Commissioned work[edit]

  • St. Paul, Entrances for the St. Paul Civic Center 1995
  • Willmar Technical College, MN for Arts, 1993
  • University of Wisconsin, River Falls, WI for Arts 1991
  • Willmar Community College, MN for Arts 1991
  • Mural for State of Minnesota, Centennial Building, 18 feet, MN forArts 1990
  • State of Minnesota, Department of Finance, MN for Arts 1990
  • State of Minnesota, Centennial Building, 3rd floor, MN for Arts 1990

Awards and nominations[edit]

  • St. Paul, Civic Center Competition, 1995
  • Honors NEA Visual Arts Fellowship 1989
  • Minnesota State Arts Board Career Opportunity Grant 1989
  • ArtsMidwest/NEA Fellowship 1988
  • Bush Foundation Fellowship 1984
  • Minnesota State Arts Board Project Grant 1984
  • WARM Livingston Griggs Mentor Grants 1981,1986,1991,1997
  • Public Art University of St. Thomas, St. Paul, stained glass windows 1997


  • New York Times, About Place, Richard Brenson, 1886
  • Minneapolis StarTribune, Mary Abbe, 2000
  • Harmonic States, catalog essay, Eleanor Heartney, 1982
  • Walker Permanent Collection Catalog, Marge Goldwater, 1988
  • PS1, Catalog for About Place, Ed Leffingwell, 1986[10]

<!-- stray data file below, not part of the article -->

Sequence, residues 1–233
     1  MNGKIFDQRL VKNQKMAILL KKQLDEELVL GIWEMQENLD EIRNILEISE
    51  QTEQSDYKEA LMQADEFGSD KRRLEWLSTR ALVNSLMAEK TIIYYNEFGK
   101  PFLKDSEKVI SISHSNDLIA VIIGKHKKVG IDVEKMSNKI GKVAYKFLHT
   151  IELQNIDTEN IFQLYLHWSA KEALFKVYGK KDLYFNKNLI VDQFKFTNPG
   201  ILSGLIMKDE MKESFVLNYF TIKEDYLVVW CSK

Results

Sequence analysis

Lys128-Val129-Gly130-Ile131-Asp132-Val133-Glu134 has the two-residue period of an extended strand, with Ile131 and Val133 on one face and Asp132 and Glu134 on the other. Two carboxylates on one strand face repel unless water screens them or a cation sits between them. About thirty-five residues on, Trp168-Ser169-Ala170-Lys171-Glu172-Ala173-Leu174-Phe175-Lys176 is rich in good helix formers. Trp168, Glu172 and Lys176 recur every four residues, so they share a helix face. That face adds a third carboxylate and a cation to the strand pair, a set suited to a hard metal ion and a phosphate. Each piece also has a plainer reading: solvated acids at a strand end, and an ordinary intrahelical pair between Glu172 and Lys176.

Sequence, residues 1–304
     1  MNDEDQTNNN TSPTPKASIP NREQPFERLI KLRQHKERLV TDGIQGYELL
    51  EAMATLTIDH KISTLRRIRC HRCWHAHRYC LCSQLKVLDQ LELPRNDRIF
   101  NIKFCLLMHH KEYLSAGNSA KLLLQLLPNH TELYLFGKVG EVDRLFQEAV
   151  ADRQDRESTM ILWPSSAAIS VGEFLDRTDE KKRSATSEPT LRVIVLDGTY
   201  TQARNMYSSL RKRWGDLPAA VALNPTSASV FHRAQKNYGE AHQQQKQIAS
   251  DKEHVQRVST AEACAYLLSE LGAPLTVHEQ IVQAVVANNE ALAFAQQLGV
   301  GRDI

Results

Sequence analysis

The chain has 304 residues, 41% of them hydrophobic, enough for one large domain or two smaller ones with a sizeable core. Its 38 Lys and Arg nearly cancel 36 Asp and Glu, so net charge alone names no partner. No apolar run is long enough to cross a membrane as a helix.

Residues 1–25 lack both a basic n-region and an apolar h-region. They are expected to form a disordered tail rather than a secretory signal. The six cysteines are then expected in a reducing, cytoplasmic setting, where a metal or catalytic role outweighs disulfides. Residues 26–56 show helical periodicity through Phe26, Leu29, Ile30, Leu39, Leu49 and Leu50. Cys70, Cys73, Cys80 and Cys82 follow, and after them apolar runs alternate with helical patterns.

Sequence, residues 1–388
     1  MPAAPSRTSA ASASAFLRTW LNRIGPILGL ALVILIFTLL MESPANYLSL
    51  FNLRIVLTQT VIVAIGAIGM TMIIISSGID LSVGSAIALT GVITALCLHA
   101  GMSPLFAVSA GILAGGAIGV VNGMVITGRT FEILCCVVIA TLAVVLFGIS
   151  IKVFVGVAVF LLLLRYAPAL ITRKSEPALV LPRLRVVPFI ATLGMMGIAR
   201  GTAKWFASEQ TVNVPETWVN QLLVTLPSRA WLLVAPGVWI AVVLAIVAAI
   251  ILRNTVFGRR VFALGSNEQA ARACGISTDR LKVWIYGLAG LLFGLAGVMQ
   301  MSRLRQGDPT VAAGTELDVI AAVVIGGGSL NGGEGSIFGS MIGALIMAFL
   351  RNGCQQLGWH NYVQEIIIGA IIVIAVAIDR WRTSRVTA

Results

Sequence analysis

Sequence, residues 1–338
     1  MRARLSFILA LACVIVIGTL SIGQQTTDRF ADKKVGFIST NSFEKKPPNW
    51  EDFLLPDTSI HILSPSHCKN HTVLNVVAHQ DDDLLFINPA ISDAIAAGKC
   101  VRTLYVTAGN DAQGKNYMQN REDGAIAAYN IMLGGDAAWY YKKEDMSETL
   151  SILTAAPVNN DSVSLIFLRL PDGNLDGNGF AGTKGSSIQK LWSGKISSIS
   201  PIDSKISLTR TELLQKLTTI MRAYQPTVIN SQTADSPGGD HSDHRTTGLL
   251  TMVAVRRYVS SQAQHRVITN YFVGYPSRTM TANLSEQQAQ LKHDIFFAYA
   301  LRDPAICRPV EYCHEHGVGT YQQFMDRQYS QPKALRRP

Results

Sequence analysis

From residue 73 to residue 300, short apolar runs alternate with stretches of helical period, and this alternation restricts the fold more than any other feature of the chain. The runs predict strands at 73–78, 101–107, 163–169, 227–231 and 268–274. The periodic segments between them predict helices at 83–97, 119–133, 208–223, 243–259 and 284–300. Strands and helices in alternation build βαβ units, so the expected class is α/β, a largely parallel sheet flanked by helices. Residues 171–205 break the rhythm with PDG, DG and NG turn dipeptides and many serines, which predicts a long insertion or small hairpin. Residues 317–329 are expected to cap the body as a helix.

• Minneapolis Tribune, Mary Abbe, 2006.


  1. ^ "Jantje Visscher Contact and Bio". www.jantjevisscher.com. Retrieved 2017-05-06.
  2. ^ a b c Inglot, Joanna; King, Lyndel Saunders; Frederick R. Weisman Art Museum (2007-01-01). WARM: a feminist art collective in Minnesota. Minneapolis, MN: Weisman Art Museum : Distributed by the University of Minnesota Press. ISBN 9780816650385.
  3. ^ a b "Jantje Visscher". Women's Art Resources of MN. 2016-10-12. Retrieved 2017-05-06.
  4. ^ "ARTISTS". TRAFFIC ZONE. Retrieved 2017-05-06.
  5. ^ a b "Jantje Visscher Resumé". www.jantjevisscher.com. Retrieved 2017-05-06.
  6. ^ "GALLERY/EVENTS". TRAFFIC ZONE. Retrieved 2017-05-06.
  7. ^ "Login to library databases | St. Catherine University Libraries". search.proquest.com. Retrieved 2017-05-06.
  8. ^ "Jantje Visscher - Mn Artists". www.mnartists.org. Retrieved 2017-05-06.
  9. ^ "Walker Art Center". walkerart.org. Retrieved 7 October 2017.
  10. ^ About Place: Contemporary American Landscape : P.S.1 the Institute for Art and Urban Resources, Inc., February 2-March 23, 1986 : Robin Bruch, David Budd, Freya Hansell, Gerald Horn, Robert Lobe, David Matlin, Stephen Mueller, Carl Palazzolo, Janis Provisor, Edward Ranney, Charles Ross, Jantje Visscher, Merrill Wagner, Lawrence Weiner, Rob Wynne. 1986.

External links[edit]